Skin and Bones
Trade Paperback, 320 pages, $24.95, or Hardcover, 432 pages, $34.95
Review by Sheila Merritt
The tranquility of a small English village is shattered when a gunman goes on a killing spree. The police believe he then kills himself, but one injured survivor knows better. That is the springboard for Tom Bale’s novel, Skin and Bones. It is an atmospheric tale, peopled with interesting characters. The most interesting is Julia Trent, a highly resourceful and plucky female protagonist. Julia has seen that the killer did not act alone, and did not commit suicide. He was murdered by another gunman, swathed in black. As much as Julia would like to reveal this information to the authorities, she understands that they won’t believe her, and perhaps more importantly, they don’t want to pursue an investigation when everything seems to tightly wrapped up and neatly closed.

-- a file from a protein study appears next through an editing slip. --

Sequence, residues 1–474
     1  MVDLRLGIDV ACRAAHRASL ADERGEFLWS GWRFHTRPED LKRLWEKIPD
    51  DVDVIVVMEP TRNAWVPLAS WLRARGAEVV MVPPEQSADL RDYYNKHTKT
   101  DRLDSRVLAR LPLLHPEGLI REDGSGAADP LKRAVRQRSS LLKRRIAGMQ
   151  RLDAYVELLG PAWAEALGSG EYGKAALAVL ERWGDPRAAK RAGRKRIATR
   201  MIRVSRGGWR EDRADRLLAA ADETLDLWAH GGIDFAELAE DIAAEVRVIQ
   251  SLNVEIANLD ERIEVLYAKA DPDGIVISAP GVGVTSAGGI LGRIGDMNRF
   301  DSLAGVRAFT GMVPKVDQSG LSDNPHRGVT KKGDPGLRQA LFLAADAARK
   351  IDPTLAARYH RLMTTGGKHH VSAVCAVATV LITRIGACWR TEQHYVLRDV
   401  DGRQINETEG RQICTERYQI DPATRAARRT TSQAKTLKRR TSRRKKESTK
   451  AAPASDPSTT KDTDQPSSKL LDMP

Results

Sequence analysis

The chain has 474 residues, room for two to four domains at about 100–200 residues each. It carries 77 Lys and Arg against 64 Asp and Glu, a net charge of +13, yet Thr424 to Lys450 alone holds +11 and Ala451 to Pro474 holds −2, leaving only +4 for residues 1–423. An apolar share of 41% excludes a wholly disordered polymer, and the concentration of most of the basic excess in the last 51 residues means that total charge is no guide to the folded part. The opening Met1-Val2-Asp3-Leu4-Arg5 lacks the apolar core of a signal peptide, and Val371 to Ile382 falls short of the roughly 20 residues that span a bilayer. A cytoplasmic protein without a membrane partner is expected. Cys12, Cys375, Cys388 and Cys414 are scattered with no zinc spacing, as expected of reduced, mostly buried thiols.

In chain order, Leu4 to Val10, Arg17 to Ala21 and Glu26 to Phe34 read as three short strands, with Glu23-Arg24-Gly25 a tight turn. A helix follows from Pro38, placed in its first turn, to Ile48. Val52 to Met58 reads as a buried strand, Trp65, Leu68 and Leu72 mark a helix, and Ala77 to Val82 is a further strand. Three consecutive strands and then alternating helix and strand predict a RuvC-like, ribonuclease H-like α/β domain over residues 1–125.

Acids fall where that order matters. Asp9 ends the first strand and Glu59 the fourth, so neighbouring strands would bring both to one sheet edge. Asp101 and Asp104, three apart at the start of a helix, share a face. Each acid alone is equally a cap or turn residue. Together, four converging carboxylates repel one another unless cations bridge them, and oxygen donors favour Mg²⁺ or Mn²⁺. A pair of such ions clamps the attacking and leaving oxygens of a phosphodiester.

Julia is emotionally forced into finding answers since she is aware that the remaining killer knows she is alive. She has an ally in Craig Walker, a former journalist and son of one of the slain. Together they uncover a local conspiracy which is motivated not only by greed, but by personal vendetta. The interplay between Craig and Julia is very believable, even when some of the plotting gets convoluted by the many other characters with their own agendas.
While not at all horror, in the conventional sense, there are scenes of visceral brutality that are stomach churning. This is a suspense novel with an edge to it; and the contrast between small village life and those who want to manipulate it is striking.
Tom Bale does not disappoint in keeping the interest and intrigue level high. Skin and Bones is a very good effort, with some highly memorable characters and an excellent ambience of anxiety.